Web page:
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THE ART OF VINYL

In an age where music-streaming services have garnered massive audiences, vinyl continues to grow in popularity. Mark Lattogue has devoted much of his life to the medium, now at the helm of his family’s business, the Record Finder. First opening in the late 60s, the Fremantle institution houses an impressive collection of over 50,000 records. Mark dedicates his days to sharing his passion and keeping the art of vinyl well and truly alive.

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Sarah: How did your love of records begin?
Mark: It all started with my dad. He first opened the Record Finder in 1966 in New Zealand as a hobby. In 1985 we packed up the majority of our stock into two sea containers and moved to Fremantle. We found a store on Cantonment Street just before the America’s Cup. Even though record sales went down when CDs came in, we loved them so much we just kept going.

S: Now we have music streaming services, which have massive audiences, yet records are continuing to grow in popularity.
M: There’s something special about records. People like the sound and it’s a product they can hold onto. You get a record out of the cover, look at the artwork and put it on the turntable – it’s something tangible you can really enjoy.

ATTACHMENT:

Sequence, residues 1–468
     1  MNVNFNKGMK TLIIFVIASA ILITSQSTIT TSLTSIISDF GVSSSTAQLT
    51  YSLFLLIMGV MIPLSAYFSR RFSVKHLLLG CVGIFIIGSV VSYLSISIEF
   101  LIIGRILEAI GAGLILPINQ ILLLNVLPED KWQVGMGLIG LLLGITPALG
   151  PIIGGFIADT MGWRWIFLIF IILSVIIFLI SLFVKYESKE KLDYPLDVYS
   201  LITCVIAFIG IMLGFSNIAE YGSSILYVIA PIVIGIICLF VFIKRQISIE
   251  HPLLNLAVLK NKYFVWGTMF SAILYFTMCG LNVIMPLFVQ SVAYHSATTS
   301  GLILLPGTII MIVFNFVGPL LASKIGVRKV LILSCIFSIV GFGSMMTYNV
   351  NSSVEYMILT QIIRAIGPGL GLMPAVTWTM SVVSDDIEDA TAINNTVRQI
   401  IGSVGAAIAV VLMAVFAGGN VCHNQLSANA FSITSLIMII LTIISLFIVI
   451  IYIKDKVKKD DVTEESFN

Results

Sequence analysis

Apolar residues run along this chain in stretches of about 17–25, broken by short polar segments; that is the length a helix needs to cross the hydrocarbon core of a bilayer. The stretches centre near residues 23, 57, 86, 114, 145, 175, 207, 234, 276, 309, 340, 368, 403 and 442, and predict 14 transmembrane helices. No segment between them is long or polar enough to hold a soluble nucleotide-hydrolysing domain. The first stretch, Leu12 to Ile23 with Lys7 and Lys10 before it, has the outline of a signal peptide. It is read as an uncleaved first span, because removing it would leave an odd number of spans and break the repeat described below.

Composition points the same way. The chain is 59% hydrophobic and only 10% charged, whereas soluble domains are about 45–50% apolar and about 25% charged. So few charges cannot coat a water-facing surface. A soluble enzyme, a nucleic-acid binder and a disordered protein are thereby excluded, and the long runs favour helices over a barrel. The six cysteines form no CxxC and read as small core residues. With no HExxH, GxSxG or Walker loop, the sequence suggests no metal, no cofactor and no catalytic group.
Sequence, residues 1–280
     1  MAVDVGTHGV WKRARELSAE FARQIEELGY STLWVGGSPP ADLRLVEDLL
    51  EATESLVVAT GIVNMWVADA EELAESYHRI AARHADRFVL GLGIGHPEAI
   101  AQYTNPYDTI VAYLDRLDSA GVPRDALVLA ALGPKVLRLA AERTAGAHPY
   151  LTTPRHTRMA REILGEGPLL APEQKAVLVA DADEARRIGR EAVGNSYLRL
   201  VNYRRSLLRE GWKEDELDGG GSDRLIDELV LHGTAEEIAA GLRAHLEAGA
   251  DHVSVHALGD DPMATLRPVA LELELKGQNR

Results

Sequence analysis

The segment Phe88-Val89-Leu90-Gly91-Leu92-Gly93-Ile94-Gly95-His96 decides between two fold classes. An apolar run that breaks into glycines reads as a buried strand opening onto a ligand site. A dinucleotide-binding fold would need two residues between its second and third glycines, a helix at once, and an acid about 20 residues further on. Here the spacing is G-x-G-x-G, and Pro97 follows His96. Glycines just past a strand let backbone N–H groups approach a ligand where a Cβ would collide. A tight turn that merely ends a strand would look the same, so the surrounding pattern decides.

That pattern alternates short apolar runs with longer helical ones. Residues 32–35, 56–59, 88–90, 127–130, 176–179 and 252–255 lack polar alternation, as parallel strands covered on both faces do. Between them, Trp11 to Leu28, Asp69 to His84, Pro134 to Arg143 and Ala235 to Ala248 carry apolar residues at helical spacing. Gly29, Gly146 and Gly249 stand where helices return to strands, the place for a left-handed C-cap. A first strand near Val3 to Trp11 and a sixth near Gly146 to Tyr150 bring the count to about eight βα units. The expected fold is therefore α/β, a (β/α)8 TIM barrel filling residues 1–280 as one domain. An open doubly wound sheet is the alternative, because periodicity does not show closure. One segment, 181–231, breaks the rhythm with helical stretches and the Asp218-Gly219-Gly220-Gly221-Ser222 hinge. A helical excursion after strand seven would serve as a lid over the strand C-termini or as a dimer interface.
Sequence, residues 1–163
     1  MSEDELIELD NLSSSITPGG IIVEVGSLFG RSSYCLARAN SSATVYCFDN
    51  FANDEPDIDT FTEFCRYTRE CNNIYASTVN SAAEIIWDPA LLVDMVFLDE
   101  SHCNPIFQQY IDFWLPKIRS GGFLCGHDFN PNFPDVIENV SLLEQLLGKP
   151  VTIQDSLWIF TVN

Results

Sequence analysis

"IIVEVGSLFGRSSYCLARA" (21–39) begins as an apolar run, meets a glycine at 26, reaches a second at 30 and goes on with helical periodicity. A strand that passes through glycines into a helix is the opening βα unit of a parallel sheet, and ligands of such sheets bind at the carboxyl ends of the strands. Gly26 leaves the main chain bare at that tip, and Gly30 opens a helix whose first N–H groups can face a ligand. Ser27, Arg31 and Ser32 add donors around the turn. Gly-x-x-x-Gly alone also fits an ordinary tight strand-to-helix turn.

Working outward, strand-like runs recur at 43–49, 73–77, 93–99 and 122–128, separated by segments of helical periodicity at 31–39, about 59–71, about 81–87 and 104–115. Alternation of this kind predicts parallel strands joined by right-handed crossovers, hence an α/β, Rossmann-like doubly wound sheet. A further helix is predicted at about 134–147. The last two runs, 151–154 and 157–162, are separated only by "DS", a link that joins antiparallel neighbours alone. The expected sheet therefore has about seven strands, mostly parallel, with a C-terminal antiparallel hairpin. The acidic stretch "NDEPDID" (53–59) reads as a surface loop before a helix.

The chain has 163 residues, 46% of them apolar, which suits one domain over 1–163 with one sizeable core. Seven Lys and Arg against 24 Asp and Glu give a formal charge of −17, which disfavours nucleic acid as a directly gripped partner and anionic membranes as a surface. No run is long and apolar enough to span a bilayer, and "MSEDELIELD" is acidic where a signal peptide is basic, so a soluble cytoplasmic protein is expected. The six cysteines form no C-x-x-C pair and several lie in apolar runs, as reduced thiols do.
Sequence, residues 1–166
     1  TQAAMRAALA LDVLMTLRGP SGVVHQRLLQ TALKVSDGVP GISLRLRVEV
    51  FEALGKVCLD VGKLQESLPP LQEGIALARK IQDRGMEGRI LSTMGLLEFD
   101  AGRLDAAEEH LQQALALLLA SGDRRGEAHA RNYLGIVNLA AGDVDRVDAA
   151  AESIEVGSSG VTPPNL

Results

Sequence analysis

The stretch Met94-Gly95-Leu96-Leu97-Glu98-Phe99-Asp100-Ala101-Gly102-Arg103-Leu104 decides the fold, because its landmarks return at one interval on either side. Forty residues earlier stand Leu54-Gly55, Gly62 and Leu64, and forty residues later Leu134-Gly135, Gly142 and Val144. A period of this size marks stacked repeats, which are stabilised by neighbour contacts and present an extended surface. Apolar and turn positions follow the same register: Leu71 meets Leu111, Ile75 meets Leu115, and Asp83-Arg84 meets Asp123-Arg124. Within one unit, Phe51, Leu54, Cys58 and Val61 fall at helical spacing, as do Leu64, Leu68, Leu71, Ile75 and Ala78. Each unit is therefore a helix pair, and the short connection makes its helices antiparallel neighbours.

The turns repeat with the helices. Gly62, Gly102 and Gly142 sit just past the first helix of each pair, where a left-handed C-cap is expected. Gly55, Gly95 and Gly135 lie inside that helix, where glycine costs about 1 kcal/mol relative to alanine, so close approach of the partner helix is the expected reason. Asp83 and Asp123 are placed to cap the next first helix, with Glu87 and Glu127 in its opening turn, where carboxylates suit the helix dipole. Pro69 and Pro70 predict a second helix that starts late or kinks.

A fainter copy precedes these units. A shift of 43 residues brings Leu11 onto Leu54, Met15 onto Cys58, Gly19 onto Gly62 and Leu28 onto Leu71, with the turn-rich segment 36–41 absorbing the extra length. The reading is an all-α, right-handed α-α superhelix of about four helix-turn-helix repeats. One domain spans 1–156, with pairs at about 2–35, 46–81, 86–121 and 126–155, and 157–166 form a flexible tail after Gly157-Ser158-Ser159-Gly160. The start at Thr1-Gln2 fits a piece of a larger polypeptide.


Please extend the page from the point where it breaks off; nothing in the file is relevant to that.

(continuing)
S: Are you a vinyl purist?
M: Yes. I don’t even have a CD player anymore. People are often surprised!

S: What do you think about new music and vinyl?
M: I think it’s great! It means that a lot of youngsters are starting to enjoy records. It’s given them something they can talk about with their parents, bringing the family unit together.

S: It seems it is not easy to manufacture vinyl these days. Do you think this is a barrier to the industry growing?
M: In Japan there’s a company who are starting to press vinyl now in a massive way. They’re looking for people to produce it, but there’s no one out there so they’re trying to get the old guys who used to do it and lure them back into the industry. There’s huge potential.

S: Coming into the silly season, what are your recommendations for records to listen to with a cocktail or two?
M: I’d mix it up a bit. Sinatra, Cat Stevens, Rickie Lee Jones, Sade, Herb Alpert, Johnny Cash…then I might put some French music on. I love the French language.

S: Upstairs I saw you have a massive amount of records. How large is your collection?
M: Since we’re moving this month, I’m going to have about 50,000 LPs at my house – minimum. I won’t be having any visitors this Christmas!

S: You’re clearly very dedicated to the cause.
M: It’s not all about the money for me. It’s about talking to someone, conversing with people. I spent an hour with one of my customers this morning, just talking about music. I didn’t get any work done, but I don’t care – that’s what it’s all about.

The Record Finder is located at 43 High Street, Fremantle (within close walking distance to Detail).

Word: Sarah Langley

Imagery: Sarah Langley